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Fans Return to Truist Field as Charlotte Knights Get Back to Baseball

Take me out to the ballgame

Charlotte Knights baseball
Charlotte knights baseball is back, and so is Homer. (Photo by Laura Wolff)

For me, baseball is nostalgia — going with the family to my first game, smelling the freshly cut grass before I even see the field, and my awe-inspiring look out at the ballyard for the first time. Taking in the scoreboard and the signage around the stadium, breathing in the fresh air on a crisp spring night or a perfect summer eve. Letting my nose lead me as the smell of sausages grilling nearby makes me hunger for a bite. 

I get that feeling every time I walk into a ballpark. I am back to being a kid again, remembering baseball in its purest form, no matter how old you are. 

Baseball is back in Charlotte after a year’s absence due to COVID-19, and folks of all ages — dads with their sons or daughters, families taking in the game together, couples on a date night, and old friends reliving the days of their youth — have been out for the opening week of Charlotte Knights baseball at Truist Field. 

When I attended, fans were gathered at the entrance on South Mint Street and West Martin Luther King Drive well ahead of the game, waiting patiently for the gates to open. Despite threatening weather throughout the day, 2,617 fans attended on Opening Night, followed up by 2,579 for the Wednesday night game that I attended. Based on current COVID-19 restrictions, the Knights are limited to about 26-27% of stadium capacity, which is 10,200. 

Truist Field is allowed to open at around 26% capacity for Charlotte Knights baseball games. (Photo by Laura Wolff)

That was all good with some of the fans I spoke to. Shang Skipper, attending with his wife and two daughters, said, “The stadium has the people spread out pretty good and we feel real comfortable with it. Otherwise we wouldn’t be here.”

Henry Ko, there with his 5-year-old son, said, “I think being outside does feel a little safer.” 

When I asked how he would have felt attending a Charlotte Hornets game indoors, though a bit more hesitant, he admitted he would go there, too. 

Everyone I spoke to felt safe with the way the Charlotte Knights were handling the situation in bringing back live baseball, and they appreciated being outside enjoying life again. 

Frank and Lindsay Schall were happy to be back. Season-ticket holders since the Knights came to Uptown, they attended with their two boys, ages 2 and 4. Both parents were fully vaccinated and felt comfortable being at the park. Frank mentioned, “Last year was rough not having minor league baseball.” When contacted last year by the Knights saying they could have a refund or roll their tickets over to the 2021 season, they chose the latter.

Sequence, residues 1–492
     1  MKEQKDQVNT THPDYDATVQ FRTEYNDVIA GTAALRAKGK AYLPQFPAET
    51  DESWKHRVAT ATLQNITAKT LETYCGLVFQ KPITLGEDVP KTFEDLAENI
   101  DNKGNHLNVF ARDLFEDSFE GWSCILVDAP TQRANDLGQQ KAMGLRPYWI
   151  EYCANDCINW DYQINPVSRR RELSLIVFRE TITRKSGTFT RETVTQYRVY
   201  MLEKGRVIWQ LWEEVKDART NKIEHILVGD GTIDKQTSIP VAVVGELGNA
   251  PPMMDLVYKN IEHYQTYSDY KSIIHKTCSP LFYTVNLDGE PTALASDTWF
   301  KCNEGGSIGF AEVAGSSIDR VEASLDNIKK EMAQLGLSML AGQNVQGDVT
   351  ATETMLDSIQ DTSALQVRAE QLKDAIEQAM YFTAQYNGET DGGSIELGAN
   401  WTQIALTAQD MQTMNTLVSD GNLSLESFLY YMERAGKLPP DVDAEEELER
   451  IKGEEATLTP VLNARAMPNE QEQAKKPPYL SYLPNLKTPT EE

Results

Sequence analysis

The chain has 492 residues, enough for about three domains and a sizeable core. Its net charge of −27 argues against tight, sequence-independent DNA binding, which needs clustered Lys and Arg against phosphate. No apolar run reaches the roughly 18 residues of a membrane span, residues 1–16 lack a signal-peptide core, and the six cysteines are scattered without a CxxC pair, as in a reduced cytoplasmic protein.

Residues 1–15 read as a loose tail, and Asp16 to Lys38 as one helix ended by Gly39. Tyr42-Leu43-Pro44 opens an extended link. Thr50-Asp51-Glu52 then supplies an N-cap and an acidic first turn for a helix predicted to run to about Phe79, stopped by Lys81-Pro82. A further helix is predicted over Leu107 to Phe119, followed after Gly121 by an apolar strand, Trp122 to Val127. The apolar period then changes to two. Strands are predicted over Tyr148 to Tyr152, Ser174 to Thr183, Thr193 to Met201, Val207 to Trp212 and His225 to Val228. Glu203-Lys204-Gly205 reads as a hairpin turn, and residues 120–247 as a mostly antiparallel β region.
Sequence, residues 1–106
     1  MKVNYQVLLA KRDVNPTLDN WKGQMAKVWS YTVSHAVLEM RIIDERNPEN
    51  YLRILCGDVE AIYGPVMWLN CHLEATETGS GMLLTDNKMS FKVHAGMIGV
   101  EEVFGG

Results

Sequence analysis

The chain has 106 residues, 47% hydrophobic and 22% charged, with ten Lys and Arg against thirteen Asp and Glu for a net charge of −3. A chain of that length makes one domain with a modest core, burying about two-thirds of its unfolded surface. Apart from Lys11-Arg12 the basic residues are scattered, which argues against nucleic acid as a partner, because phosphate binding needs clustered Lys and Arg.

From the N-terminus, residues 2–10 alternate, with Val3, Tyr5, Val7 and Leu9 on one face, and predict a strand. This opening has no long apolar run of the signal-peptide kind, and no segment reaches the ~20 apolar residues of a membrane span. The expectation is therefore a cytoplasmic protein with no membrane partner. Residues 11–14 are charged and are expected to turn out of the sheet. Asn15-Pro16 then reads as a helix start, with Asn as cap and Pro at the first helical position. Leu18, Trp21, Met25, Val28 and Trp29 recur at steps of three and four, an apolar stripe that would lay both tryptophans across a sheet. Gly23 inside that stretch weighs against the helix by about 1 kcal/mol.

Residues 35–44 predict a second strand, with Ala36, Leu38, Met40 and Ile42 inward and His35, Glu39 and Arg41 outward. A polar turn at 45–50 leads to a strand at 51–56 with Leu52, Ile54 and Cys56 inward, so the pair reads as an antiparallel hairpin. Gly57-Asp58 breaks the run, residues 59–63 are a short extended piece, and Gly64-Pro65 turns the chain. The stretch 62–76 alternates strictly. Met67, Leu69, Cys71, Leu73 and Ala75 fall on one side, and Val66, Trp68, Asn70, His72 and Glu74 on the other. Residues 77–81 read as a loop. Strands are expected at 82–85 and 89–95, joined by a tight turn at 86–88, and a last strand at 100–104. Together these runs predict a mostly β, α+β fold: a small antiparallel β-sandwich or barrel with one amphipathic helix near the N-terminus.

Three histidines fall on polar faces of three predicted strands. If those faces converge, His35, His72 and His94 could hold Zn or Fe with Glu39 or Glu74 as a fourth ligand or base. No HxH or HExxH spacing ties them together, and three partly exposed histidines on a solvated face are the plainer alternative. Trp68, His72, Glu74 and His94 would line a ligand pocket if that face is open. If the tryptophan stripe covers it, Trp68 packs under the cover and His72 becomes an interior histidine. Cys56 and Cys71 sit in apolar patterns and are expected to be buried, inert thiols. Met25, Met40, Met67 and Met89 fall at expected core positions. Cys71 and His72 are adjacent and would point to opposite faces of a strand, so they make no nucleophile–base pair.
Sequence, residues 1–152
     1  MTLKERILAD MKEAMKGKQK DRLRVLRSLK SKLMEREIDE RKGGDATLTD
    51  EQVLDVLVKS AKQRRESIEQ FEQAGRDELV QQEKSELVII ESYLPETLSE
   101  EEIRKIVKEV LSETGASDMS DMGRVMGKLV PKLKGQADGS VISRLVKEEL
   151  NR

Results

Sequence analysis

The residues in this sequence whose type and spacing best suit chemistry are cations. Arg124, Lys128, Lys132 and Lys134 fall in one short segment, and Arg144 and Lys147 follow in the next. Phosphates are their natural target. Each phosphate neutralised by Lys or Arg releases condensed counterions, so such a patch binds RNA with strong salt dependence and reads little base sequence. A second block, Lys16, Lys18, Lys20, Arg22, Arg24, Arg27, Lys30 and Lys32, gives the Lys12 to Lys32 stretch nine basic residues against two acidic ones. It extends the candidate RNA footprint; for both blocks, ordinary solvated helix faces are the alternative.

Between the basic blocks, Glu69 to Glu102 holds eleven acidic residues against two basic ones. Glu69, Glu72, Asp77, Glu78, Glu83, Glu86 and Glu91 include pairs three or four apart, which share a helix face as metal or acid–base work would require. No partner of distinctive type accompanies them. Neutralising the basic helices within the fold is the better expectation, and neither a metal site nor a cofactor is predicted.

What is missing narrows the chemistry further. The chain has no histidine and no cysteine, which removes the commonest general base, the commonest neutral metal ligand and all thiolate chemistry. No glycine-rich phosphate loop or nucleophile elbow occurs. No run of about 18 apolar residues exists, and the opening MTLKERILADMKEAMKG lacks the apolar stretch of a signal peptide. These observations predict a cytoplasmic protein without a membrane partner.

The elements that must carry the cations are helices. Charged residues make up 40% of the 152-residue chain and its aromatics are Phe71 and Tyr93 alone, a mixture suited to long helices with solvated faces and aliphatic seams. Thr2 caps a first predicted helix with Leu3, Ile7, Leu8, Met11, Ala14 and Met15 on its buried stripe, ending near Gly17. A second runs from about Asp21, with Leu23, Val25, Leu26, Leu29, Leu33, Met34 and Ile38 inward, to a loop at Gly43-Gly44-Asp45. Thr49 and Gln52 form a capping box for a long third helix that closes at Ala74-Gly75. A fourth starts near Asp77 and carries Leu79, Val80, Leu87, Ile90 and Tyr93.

Bobby Pappert, a season-ticket holder for a few years now, also decided to roll his tickets over to this year. He was the first in line to get into the park on the night I attended. 

Pappert was a season-ticket holder for one year when the team was in Fort Mill, but he was reluctant to renew when the team moved to Uptown. “I didn’t know if the parking and beer and everything was going to be super expensive, but it’s not. It’s super family-oriented … “I love this ballpark, and minor league sports are the very best.” 

Before the Wednesday night game, I spoke with Brandon Sarkis of Mac’s Speed Shop about how business was on Opening Night. He said they were busy the whole game, exceeding expectations. Sarkis looked forward to the possibility of expanding crowds as the season progressed. 

In the Diamonds Direct Luxury Lounge, things were hopping. Fans were lined up as I waited to approach the bartender, not wanting to interrupt the flow of paying customers by asking my questions. I spoke with Bianca, who mentioned that weather might have affected business on Opening Night more than anything, but that, “It was a nice day to get back in the groove of things.” She said business was pretty steady on Opening Night, as well as the game I attended. 

Bianca confirmed that she had worked with the Knights before COVID and was unable to work for much of 2020. “It was a struggle,” she said, adding that the Knights helped out with donations and gift cards for out-of-work employees. 

While baseball is the same game we all remember, there are noticeable differences when attending the ballpark. Truist Field is a cashless facility, with tickets being scanned from people’s phones. Tickets bought at the ticket window are texted to fans, though it’s recommended to buy in advance, as game-day tickets are limited for the time being. Fans who want a game program can scan a QR Code upon arrival, as they won’t be printed this year. 

Charlotte Knights baseball
It wouldn’t be Charlotte Knights baseball without fireworks on Fridays. (Photo by Laura Wolff)

Even in the press box, I was partitioned off from those around me by plastic barriers to the side and front. 

Fans will find hand sanitizer stations sprinkled throughout the concourse, and other signs that things aren’t quite the way they used to be, but some stuff never changes. “Another One Bites the Dust” still played after opposing batters struck out, and “Born To Be Wild” and other rock classics were the soundtrack of the evening, along with the occasional sound of the organ. 

Even with limited capacity, there was a buzz in the crowd when the Knights were putting runs on the board, as well as a sigh of relief when they got out of a tough jam in the eighth inning. 

On the night I attended, the Knights won 9-6 for their first win since 2019. At the end of the night, what really matters is that Charlotte Knights baseball is back in the Queen City, giving people a sense of normalcy, and that’s how it should be.


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